Nice home site- all wooded- road frontage!
16.95 acres of wooded land with road frontage in beautiful Powhatan County. Property has road frontage, wet weather creek, all wooded with pine and hardwood mix and a survey. This property is located of RT 60 making it convenient to Richmond for a short drive to work or pleasure. There are beautiful farms stretching from one end of Blemhein Rd. to the other.
Powhatan County is included in the Greater Richmond Region.
The James River forms the county’s northern border, and the Appomattox River is on the south side. The county is named for the paramount chief of the powerful confederacy of tribes of Algonquian-speaking Native Americans in the Tidewater in 1607, when the British settled at Jamestown. Historically this Piedmont area had been occupied by the Siouan-speaking Monacan, who moved west under pressure from colonists. In 1700 French Huguenot refugees settled at their abandoned village, known as Manakin Town, which was located above the falls on the James River. In May 1777, the Virginia General Assembly created Powhatan County out of land from the eastern portion of Cumberland County between the Appomattox and James rivers. Residents named the county in honor of Chief Powhatan, paramount chief of the Powhatan Confederacy. He had allied with Algonquian-speaking tribes in the Tidewater, numbering about 30,000 in population at the time of the Jamestown settlement. He was also the father of Pocahontas, whom colonists perceived as friendly. While in captivity, she accepted Christianity and married English settler John Rolfe. Many of their descendants were counted among the First Families of Virginia.
For the first two years after the county was formed, Mosby Tavern served as the Powhatan County courthouse. When a new courthouse was built in 1778, the immediate area was named “Scottville” after General Charles Scott, a Revolutionary War soldier. He was later elected governor of the Commonwealth of Kentucky after it was formed in 1792 as a separate state from land ceded by Virginia. The courthouse area was later named Powhatan.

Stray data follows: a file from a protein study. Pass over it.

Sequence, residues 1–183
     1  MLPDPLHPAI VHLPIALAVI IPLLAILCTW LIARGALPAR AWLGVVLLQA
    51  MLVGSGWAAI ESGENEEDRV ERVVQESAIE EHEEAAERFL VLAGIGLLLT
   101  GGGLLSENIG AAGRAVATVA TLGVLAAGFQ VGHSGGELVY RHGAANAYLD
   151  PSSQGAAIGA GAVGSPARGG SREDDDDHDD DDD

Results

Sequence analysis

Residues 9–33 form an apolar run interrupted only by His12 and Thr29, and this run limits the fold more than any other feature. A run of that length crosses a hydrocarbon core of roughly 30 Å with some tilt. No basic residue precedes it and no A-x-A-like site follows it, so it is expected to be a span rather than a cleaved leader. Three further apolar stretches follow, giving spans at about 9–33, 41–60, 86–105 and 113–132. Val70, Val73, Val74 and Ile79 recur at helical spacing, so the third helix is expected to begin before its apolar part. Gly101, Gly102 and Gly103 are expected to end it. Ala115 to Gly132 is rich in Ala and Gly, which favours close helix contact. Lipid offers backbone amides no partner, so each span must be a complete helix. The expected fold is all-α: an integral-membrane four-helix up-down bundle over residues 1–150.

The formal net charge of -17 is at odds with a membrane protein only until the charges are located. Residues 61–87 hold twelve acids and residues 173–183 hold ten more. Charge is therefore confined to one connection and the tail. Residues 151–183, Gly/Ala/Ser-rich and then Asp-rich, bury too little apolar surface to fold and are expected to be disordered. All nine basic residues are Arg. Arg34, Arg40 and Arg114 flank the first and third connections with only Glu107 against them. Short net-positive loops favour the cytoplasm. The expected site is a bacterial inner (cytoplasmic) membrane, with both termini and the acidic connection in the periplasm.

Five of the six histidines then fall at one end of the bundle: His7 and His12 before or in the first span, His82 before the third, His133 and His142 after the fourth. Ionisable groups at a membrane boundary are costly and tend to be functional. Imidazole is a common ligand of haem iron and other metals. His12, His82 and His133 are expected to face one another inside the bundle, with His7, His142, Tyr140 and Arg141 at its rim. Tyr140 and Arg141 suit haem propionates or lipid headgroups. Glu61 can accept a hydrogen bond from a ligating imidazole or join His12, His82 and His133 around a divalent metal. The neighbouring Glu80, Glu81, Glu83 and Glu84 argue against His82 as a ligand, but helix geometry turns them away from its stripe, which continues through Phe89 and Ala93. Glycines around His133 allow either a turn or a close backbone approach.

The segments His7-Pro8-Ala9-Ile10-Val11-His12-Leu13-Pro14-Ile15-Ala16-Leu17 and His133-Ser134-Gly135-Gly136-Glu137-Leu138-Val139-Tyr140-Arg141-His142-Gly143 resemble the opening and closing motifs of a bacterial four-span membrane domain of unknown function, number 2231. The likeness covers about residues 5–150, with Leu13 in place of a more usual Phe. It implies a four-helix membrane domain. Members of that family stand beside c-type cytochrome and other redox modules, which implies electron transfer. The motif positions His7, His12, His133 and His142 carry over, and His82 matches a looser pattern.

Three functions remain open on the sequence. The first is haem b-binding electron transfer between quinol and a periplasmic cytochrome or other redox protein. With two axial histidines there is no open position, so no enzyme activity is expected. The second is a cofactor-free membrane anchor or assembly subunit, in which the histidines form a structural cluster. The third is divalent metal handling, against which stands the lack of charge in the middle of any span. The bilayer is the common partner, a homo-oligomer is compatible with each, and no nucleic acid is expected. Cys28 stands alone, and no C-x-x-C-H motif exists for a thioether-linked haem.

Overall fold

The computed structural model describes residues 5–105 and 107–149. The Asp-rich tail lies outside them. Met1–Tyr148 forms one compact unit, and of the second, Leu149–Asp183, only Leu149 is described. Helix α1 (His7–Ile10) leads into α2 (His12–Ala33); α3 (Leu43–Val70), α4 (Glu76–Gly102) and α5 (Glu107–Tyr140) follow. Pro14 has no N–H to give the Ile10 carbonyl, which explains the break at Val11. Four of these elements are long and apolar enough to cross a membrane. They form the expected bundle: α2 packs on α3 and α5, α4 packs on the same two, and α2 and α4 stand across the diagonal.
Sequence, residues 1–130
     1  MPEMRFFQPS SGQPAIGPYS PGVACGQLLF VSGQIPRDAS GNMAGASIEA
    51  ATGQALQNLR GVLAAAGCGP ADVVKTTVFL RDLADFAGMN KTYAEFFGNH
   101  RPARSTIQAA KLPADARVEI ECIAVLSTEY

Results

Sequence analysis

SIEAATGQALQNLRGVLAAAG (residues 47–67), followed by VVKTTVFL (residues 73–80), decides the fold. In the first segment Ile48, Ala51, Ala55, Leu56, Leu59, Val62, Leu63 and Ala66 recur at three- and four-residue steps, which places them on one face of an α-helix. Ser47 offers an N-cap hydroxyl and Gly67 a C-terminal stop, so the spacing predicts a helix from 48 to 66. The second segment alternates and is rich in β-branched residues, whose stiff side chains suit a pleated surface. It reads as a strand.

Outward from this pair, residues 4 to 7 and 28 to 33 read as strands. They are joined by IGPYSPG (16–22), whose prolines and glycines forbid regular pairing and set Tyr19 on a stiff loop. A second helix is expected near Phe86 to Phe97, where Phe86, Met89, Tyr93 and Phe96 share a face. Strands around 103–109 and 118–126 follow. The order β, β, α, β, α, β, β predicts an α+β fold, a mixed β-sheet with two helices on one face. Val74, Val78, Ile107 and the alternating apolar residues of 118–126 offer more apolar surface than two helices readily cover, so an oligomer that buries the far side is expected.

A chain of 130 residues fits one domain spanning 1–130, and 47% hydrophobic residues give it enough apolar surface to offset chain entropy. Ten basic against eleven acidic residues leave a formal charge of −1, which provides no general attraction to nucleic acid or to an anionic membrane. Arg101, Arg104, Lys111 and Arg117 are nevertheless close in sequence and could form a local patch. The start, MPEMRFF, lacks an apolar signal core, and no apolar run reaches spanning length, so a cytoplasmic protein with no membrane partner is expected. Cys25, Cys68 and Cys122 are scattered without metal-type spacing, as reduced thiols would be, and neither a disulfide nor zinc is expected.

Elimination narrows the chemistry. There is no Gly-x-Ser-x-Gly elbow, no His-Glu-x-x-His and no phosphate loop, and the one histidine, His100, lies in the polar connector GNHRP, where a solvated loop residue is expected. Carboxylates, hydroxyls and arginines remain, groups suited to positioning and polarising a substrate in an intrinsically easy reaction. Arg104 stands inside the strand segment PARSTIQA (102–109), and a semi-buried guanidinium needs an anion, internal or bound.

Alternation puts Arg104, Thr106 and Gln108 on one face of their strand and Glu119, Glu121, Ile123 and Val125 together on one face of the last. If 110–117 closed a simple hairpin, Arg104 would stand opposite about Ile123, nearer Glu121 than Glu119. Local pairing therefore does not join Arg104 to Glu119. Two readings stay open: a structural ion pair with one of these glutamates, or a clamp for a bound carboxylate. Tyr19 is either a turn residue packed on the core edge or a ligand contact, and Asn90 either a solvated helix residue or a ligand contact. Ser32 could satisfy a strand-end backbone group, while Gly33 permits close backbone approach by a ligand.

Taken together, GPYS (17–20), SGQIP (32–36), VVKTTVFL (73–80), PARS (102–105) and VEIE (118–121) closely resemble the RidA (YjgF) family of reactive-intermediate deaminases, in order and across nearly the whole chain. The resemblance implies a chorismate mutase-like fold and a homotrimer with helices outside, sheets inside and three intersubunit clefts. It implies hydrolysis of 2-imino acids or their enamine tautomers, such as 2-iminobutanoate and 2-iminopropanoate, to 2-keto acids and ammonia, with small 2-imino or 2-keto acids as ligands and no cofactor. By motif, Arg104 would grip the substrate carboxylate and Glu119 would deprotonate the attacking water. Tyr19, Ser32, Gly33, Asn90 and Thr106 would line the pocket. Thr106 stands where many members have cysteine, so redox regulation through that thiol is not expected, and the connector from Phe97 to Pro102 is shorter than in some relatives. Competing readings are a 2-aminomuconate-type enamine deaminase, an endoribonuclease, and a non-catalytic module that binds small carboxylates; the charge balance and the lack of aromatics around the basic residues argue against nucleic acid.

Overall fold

During the late 18th and early 19th centuries, the county became more developed with expansive plantations as the frontier moved west. Yeomen farmers moved further into the backcountry where land was more affordable. The larger planters used numerous African-American slaves to produce tobacco, and later mixed crops, including wheat. The county continued to be organized on an agricultural economy until after World War II. It still has rural areas and historic plantations, but is being developed with suburban residential housing and related retail.
For an aerial look at this property and its surroundings click on the link below: https://mapright.com/ranching/maps/3248ebc834a2ae06667062c36f398906/share
Link to Powhatan County: http://www.powhatanva.gov/
Discover Powhatan County: http://discoverpowhatan.com/